Let's start with u=z/10, k=1.9/(1+n). We want the function to be just x when u=1, and something like exp(k(x-1)) when u=0, but the interpolation has to be nonlinear, because of the middle graph you show when n=+inf. If it's linear, you can just do ux+(1-u)exp(k(x-1)), or `zx/10+(1-z/10)exp(1.9(x-1)/(1+n))`.
If you imagine rotating the functions 180 degrees and pushing them up and to the right by 1 unit, they look like x and 1-exp(-kx), it's probably clearer to think that way.
Judging from your graphs, one idea is to ensure linear interpolation on the left end, something else on the right end. Call g=exp(k(x-1)) for simplicity, then perhaps ux+(1-u)g when x=-1, (u+1-(1-u)^(m))x+(1-u+(1-u)^(m))g when x=1, for some m like 2. That can be done by replacing the exponent m with m+1+x(m-1))/2. The final function would look like `(z/10+1-(1-z/10)^((3+x)/2))x+(1-z/10+(1-z/10)^((3+x)/2))exp(1.9(x-1)/(1+n))`. A problem with that is that sometimes but especially when n<1, the low-z functions will be lower than the high-z ones. Replacing 1+n with 2+n mostly fixes that, but feels dirty, and it's probably always problem for a range of x values sufficiently close to 1. EDIT: divide those by 2.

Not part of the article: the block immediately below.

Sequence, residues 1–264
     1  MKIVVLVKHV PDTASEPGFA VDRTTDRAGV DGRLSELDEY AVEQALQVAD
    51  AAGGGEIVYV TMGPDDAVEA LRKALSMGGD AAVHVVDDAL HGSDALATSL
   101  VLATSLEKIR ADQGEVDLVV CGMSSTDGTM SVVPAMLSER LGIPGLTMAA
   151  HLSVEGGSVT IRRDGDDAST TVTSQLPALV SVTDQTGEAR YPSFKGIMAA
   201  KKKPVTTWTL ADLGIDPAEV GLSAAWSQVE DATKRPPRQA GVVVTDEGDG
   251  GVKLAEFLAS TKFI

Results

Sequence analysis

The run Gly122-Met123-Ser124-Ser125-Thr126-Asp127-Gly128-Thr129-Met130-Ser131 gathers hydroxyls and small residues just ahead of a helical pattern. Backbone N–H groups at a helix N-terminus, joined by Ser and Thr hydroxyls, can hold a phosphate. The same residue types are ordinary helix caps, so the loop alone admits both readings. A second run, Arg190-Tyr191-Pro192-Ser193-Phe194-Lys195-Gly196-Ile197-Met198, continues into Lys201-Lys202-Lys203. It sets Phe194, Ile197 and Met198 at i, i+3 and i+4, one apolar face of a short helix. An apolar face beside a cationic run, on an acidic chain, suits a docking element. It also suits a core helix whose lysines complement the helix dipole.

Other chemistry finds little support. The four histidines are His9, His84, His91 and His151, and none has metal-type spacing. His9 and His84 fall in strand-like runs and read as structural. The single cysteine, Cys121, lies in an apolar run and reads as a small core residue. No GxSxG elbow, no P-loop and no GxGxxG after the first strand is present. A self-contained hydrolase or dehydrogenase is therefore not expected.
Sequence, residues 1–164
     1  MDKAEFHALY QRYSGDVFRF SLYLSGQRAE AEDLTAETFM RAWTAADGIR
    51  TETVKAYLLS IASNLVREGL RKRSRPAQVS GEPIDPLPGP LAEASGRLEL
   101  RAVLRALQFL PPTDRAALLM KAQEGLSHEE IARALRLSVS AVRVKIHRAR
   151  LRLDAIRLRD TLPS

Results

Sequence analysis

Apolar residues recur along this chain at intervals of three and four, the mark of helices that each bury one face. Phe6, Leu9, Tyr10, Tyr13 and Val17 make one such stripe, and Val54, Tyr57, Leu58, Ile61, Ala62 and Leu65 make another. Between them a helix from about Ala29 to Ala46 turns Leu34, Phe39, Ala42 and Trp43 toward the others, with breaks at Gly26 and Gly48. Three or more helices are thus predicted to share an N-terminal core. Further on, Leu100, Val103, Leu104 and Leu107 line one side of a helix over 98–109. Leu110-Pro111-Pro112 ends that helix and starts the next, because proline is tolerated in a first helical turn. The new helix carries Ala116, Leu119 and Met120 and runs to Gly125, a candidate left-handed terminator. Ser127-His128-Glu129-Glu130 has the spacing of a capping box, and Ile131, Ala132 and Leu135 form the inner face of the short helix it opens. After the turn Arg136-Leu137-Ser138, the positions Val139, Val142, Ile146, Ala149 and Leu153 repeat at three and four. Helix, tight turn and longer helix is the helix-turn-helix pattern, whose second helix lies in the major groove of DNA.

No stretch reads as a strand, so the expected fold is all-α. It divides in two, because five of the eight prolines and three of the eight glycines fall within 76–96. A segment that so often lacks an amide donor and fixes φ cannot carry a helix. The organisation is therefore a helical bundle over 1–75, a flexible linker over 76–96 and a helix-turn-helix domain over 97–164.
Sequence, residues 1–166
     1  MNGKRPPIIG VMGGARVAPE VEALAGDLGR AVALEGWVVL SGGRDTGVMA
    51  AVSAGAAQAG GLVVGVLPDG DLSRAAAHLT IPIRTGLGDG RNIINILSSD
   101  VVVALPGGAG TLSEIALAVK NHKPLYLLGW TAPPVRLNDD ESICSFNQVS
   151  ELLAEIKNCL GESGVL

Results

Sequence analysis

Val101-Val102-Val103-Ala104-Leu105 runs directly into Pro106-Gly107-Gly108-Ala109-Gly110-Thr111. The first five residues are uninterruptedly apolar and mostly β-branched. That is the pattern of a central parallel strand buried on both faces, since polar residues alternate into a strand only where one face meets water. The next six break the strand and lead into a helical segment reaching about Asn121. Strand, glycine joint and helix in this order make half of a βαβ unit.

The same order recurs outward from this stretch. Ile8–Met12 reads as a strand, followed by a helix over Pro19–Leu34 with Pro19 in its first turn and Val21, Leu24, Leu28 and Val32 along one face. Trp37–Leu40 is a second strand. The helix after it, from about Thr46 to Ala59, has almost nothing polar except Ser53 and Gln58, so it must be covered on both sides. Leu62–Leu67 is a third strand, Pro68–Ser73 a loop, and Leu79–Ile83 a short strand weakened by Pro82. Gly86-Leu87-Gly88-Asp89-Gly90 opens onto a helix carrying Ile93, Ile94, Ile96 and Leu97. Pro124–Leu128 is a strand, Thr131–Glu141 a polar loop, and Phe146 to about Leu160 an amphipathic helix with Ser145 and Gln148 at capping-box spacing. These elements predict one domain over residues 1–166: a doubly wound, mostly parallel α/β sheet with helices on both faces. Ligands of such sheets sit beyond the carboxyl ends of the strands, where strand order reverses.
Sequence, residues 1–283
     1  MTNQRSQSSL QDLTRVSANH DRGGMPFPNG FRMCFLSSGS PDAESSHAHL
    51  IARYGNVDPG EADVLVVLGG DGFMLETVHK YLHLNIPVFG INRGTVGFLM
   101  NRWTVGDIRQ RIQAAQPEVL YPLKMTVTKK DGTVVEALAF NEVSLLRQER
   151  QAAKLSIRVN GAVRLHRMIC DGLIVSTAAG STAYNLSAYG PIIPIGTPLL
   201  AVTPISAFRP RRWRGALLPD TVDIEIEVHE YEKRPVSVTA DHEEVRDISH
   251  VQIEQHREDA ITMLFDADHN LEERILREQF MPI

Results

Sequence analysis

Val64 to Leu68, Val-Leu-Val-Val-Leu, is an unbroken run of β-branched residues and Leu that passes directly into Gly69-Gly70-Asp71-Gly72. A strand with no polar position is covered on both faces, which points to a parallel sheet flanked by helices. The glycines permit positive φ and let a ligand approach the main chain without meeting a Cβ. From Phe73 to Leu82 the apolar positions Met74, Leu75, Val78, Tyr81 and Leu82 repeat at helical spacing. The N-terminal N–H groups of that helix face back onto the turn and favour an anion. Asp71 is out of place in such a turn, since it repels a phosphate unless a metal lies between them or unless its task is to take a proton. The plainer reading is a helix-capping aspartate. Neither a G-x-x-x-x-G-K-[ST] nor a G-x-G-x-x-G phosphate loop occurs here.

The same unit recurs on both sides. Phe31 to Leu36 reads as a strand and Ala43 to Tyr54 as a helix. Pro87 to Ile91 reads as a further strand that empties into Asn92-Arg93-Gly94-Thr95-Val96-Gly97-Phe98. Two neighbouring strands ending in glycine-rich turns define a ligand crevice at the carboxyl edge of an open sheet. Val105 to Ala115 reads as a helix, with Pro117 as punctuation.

Another idea is to use hyperbolae (or conic sections in general) instead of an exponential function. Solving an implicit equation like (x+a)(y+b)c+((x+a)^(2)-(y+b)^(2))sqrt(1-c^(2))=d, finding a way to get the tangent at x=1,y=1 with slope 1, except in the z=0,n=+inf case, and adjusting the other parameters based on z and n to get the right curve. Probably overcomplicates things.